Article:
Has anyone ever told you that you’re ‘crazy’ for visiting a developing country that falls out of the sphere of first world comfort? I know I’ve had my fair share of such dire warnings (mixed with people praising me for my ‘bravery’), and the chances are you have too. And the thing is, in most cases, these so-called developing countries are every bit as safe as your home country most likely is. I for one found, say, Uganda safer than quite a few areas of London.
But sometimes, just sometimes, plans for off the beaten track adventure really are downright dangerous, and even seemingly wrong-headed. Tim Butcher, formerly a journalist for The Daily Telegraph, undertook a trip that could be described exactly that – he traversed the Congo River, which took him through large swathes of the Democratic Republic of Congo.
The DRC is, without doubt, one of the most volatile and unstable countries in the world. Decades – centuries, even – of corruption, civil wars and both colonial and post-colonial brutality have resulted in large swathes of this vast country being rendered lawless. The stats are truly appalling – over five million people have been killed by the recent civil wars, and a 2011 report found that 400,000 women had been raped in the country that year. Seen as a no-go country for decades, you might well be wondering why on earth Butcher decided to visit there.
The answer is that he had a personal obsession with the explorer H.M. Stanley’s (he of “Dr. Livingstone I presume?” fame), famous expedition down the Congo River from 1874-77, and wished to follow in Stanley’s footsteps. Whilst he would be doing so with the benefits of some 21st century technology (much of what we take for granted is simply not available in the DRC), he would be doing it alone. Needless to say, this is something of a red rag to a bull in such a fractious country.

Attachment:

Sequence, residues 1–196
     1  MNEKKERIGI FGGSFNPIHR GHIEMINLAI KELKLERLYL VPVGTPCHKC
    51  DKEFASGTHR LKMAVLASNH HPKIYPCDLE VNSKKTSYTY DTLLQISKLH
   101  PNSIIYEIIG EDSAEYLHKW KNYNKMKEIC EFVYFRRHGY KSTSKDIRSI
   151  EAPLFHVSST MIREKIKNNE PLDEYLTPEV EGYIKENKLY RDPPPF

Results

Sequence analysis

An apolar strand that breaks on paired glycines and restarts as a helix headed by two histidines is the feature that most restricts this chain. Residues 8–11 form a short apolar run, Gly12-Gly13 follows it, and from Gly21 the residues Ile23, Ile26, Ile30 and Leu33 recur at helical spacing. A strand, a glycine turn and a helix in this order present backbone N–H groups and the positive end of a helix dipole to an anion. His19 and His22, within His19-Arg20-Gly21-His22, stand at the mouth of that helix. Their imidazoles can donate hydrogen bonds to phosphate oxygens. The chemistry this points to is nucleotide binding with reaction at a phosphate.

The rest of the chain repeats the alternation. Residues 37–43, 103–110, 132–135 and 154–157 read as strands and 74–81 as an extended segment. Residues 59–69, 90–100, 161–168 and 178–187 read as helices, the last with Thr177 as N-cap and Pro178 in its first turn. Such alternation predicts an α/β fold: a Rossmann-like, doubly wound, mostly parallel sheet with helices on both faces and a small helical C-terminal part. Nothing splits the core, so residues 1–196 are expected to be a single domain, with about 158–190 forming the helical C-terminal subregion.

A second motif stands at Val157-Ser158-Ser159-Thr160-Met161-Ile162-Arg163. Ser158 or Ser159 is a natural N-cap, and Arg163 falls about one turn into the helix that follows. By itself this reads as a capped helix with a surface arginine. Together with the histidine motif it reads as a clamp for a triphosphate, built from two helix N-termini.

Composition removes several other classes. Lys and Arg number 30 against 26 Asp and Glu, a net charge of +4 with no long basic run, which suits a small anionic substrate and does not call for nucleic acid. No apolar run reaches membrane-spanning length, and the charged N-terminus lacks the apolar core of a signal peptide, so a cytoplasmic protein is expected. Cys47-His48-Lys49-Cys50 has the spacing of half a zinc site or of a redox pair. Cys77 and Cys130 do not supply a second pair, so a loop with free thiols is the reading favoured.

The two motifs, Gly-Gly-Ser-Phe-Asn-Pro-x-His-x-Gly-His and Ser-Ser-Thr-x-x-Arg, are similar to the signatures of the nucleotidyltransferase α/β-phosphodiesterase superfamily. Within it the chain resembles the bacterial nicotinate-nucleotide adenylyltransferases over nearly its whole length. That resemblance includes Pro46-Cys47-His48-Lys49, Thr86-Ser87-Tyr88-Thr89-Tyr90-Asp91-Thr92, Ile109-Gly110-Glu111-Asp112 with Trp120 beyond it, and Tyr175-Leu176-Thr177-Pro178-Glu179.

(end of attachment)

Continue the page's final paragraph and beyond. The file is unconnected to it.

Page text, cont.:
That he not only actually finds a way to make the trip happen, but to also, well, survive is no small achievement. He is genuinely risking his life on this trip, and this ever-present uncertainty about what might be lurking around the next dirt-track corner gives the narrative much of its pulse-quickening, page-turning appeal. That he lives to tell the tale is in no small part down to his wit, ingenuity and resilience; but a lot of credit must be given to those who give him a helping hand on the way, ranging from UN peacekeepers to Georges, a scooter-riding Pygmy…
Butcher does somewhat lionise Georges and many of the locals he meets, but you can understand why. The narrative tone throughout the book is one of perpetual unease, and you know that Butcher’s mission was one to be endured rather than enjoyed (it has to be said that Blood River is not a barrel of laughs). The anecdotes of those he comes across confirm that the DRC is indeed the most extreme example of Africa being the ‘open sore’ of the world: they are haunted stories of haunted souls who have seen and endured too much.
The story of Stanley’s original expedition is deftly told alongside Butcher’s own adventure, illuminated with extracts and pictures lifted directly from primary source materials, including Stanley’s own journal. Whilst Butcher clearly admires Stanley’s accomplishment, he is also condemning of his own contribution (unwitting or otherwise) to the system that directly led to the perpetual decline of the DRC that is still being felt to this day.
Blood River is a chilling, gripping and compulsive read, casting light on the state of affairs in a country that is little-reported on by mainstream media, despite being a place that seems to be increasingly left behind as the world hurtles ever forward. It is this tragic state of affairs that does, indeed, make the Congo ‘Africa’s Broken Heart’. It is also what makes Blood River a hugely important read that, among other things, proves that genuinely intrepid travel is still possible in today’s day and age…for those who are brave enough, of course!
The image at the top of this post is provided courtesy of Oxfam East Africa, and depicts the local community burning waste in the corner of Kibati Camp, which many people fled to in the midst of the 2012 crisis.